This week’s Monday Mixx is a selection of artists that I viewed this weekend at the Queen West Art Crawl Outdoor Art Show and Sale, held in Trinity-Bellwoods Park in Toronto, Canada. “The Queen West Art Crawl (QWAC) promotes meaningful interaction between art and people in the neighbourhoods of West Queen West and Parkdale in Toronto. The annual festival highlights and exhibits the work of professional artists, and presents new ideas via art scholars and curators, artists, and art lovers.” Enjoy!
Around the world, on November 11th, many countries observe Remembrance Day (also known as Armistice Day and Veteran’s Day) to commemorate the the sacrifices of members of the armed forces and of civilians in times of war. In 1918, major hostilities of World War I were formally ended at the 11th hour of the 11th day of the 11th month.
In Japan, November 11th was chosen as Origami Day by the Nippon Origami Association because it matched the idea of peace expressed in Remembrance Day, the end of World War I in 1918.
A thousand origami cranes has become a symbol of peace through the story of Sadako Sasaki, a survivor of the Hiroshima atomic bomb who died of leukemia after radiation exposure. Sasaki heard the Japanese legend that whomever folded 1000 paper cranes would receive one wish. She began folding her cranes but died before completing her goal. Her friends completed the folding and buried them with her. A memorial to her currently stands in Hiroshima today, and is always surrounded by paper cranes.
Today and all days, may peace be with you.
Sources: Nippon Origami Association, Examiner, Pieces Zine
On November 9, 2009, Berlin will celebrate the 20th anniversary of the fall of the Berlin Wall. Numerous events are going on around the city including the restoration of the East Side Gallery – a 1.3km long section of the wall located along the bank of the Spree River. Initially created in 1989/1990, the wall is a memorial for freedom and is thought to be the largest open air gallery in the world, containing about 106 paintings by artists from all over the world.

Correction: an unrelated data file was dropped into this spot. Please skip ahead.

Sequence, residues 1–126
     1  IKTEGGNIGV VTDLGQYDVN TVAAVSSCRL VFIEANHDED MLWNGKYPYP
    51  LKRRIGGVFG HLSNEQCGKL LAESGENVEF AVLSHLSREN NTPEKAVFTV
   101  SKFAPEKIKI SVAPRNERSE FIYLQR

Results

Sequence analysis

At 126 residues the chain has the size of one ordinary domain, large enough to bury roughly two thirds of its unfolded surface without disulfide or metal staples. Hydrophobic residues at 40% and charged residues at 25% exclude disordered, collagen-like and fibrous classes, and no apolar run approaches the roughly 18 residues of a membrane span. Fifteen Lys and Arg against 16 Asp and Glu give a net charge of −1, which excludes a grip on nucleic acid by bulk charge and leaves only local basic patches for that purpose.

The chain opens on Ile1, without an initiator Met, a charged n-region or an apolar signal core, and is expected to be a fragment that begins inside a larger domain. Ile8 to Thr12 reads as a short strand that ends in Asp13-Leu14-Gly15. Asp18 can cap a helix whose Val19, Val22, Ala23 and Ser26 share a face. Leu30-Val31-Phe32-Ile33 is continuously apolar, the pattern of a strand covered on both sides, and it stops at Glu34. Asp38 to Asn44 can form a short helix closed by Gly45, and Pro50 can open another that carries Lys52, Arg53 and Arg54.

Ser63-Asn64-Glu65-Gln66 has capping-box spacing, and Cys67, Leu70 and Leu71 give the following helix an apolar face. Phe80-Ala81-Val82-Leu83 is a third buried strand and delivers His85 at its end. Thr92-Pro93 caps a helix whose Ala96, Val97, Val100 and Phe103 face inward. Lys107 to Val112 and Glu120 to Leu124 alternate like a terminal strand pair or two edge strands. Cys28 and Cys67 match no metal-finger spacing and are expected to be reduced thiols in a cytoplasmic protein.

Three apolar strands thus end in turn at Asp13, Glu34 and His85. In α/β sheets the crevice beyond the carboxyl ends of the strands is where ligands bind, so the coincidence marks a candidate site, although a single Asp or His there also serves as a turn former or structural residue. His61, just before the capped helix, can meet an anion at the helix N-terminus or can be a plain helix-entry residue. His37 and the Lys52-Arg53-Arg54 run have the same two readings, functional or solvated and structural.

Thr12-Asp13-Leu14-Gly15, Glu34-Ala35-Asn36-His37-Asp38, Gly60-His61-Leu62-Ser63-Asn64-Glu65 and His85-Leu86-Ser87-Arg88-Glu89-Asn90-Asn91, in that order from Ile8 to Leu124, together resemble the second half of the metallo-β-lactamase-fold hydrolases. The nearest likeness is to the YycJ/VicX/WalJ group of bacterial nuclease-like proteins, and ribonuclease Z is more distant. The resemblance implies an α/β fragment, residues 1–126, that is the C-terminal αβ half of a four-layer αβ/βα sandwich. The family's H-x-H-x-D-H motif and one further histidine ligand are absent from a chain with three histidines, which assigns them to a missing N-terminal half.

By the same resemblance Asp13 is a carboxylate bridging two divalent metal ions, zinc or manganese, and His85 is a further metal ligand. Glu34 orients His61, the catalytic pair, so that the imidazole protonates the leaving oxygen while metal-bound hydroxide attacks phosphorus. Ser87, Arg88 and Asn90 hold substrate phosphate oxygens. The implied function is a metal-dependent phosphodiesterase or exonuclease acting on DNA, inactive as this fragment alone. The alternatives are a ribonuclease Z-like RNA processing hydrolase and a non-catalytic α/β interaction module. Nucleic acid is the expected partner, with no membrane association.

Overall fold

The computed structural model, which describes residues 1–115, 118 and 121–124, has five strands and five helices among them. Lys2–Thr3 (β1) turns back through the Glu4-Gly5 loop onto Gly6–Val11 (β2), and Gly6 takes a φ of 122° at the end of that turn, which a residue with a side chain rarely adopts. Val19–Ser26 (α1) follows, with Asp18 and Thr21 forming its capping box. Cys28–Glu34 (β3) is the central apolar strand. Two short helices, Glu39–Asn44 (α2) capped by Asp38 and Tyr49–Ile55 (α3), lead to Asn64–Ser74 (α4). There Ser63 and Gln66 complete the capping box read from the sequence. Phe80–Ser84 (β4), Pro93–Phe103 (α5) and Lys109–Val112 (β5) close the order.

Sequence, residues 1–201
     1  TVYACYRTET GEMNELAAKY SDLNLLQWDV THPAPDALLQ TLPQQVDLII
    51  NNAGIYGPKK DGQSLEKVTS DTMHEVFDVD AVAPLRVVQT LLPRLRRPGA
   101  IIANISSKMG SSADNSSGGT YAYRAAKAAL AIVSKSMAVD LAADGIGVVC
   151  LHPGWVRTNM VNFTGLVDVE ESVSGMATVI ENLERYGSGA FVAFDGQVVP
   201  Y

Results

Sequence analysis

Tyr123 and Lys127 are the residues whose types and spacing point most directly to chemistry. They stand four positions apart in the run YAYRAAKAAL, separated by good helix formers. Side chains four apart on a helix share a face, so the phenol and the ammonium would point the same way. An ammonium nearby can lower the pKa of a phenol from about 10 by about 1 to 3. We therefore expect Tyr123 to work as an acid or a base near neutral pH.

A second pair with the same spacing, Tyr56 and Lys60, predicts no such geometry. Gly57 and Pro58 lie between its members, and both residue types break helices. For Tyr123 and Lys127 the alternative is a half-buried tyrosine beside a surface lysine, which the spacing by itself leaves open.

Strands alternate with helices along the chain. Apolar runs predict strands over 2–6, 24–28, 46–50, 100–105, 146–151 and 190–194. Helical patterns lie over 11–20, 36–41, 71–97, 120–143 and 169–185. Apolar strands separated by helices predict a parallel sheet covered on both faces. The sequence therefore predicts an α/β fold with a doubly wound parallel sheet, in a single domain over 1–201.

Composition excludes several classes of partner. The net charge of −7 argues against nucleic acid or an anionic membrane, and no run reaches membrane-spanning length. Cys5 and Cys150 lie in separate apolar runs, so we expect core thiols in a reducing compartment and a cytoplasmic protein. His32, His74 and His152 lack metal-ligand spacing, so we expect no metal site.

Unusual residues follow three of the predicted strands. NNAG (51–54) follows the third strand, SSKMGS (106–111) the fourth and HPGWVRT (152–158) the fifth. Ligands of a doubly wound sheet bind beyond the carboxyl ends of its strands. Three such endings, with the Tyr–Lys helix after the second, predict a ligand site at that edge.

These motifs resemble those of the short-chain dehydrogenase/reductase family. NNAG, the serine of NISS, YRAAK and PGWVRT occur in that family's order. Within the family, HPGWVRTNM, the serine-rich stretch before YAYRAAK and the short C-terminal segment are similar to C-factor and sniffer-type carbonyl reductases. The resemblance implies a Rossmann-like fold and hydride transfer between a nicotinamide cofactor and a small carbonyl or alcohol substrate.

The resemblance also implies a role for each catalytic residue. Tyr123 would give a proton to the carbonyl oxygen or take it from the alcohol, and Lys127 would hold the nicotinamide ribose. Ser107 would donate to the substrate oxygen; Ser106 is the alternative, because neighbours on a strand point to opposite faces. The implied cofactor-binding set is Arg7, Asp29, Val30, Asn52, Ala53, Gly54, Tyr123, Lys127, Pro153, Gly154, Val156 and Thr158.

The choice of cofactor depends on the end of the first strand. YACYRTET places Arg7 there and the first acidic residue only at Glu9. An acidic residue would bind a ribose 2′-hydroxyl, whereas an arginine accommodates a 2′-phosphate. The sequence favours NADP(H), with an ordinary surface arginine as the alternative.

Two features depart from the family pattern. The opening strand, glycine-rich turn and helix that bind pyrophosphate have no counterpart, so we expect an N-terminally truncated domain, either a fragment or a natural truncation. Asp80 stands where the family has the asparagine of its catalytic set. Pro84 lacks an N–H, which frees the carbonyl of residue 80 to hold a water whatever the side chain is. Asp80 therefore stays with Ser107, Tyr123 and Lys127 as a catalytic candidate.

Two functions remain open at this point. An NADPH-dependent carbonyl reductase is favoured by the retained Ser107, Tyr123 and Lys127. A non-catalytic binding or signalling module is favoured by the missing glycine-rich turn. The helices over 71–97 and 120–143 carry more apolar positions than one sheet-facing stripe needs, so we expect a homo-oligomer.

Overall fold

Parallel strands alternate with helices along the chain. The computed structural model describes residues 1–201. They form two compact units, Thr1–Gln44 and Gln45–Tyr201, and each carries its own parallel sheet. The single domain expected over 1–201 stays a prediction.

Over the last 2 decades, time, weather, pollution, and vandals have taken their toll and the wall has been crumbling and the paint peeling and fading. Since early 2009, almost 90 artists have worked to repaint their original creations, restoring it to it’s former glory.
The painted wall “is a document that allows future generations to picture for themselves … what the wall meant,” Mayor Klaus Wowereit said at an inauguration ceremony.
The artists “have conveyed a second time their genuine euphoria from 1990,” said Kani Alavi, who heads the East Side Gallery Artists’ Association and was a driving force behind the restoration. “Twenty years after the fall of the wall, the East Side Gallery stands for democracy and human rights”.
The wall is a popular tourist attraction and the Berlin City Government contributed more than 2 million euros to help fund the restoration.
For more information about the East Side Gallery, visit the East Side Gallery website. You can also find more information on BerlinWallArt.com. (Note, both websites are dated and do not contain information about the current restoration.) For more information about the Berlin Wall, visit Wikipedia. CBC News also has an interesting interactive history of the Berlin Wall.
Sources: CBC, The German Way (images), Life According to Plan (Theirry Noir images)
Today marks the beginning of World Origami Days in the United States, the UK, and other parts of the world. October 24 to November 11 is a two and a half week celebration of the international community of origami.
The goal of World Origami days is to make origami as visible as possible. The organizers encourage you to “teach a class, fold on the bus, give your friends origami, exhibit your model”, or do whatever you can to bring origami to the attention of others.
Why these dates? October 24 is the birthday of Lillian Oppenheimer (1898-1992), who founded the first origami group in America. She was also one of the founders of the British Origami Society and Origami USA. A dynamic woman, she was delighted in the magic to be found in a piece of paper and wanted to share it with the world. The final day, November 11, is Origami Day in Japan and is recognized as the country that most fully developed the traditional art of origami.
For more information about World Origami Days, visit Origami-USA.org.
Why not try making an origami crane yourself. The video below has very detailed instructions for making an origami crane. Enjoy!
September 21st is the International Day of Peace. Observed each year, it is a global call for ceasefire and non-violence.The day provides an opportunity for individuals, organizations and nations to create practical acts of peace on a shared date. It was established by the UN General Assembly in 1981 for “commemorating and strengthening the ideals of peace within and among all nations and people.” The first Peace Day was celebrated in September 1982. In 2002 the General Assembly officially declared September 21 as the permanent date for the International Day of Peace.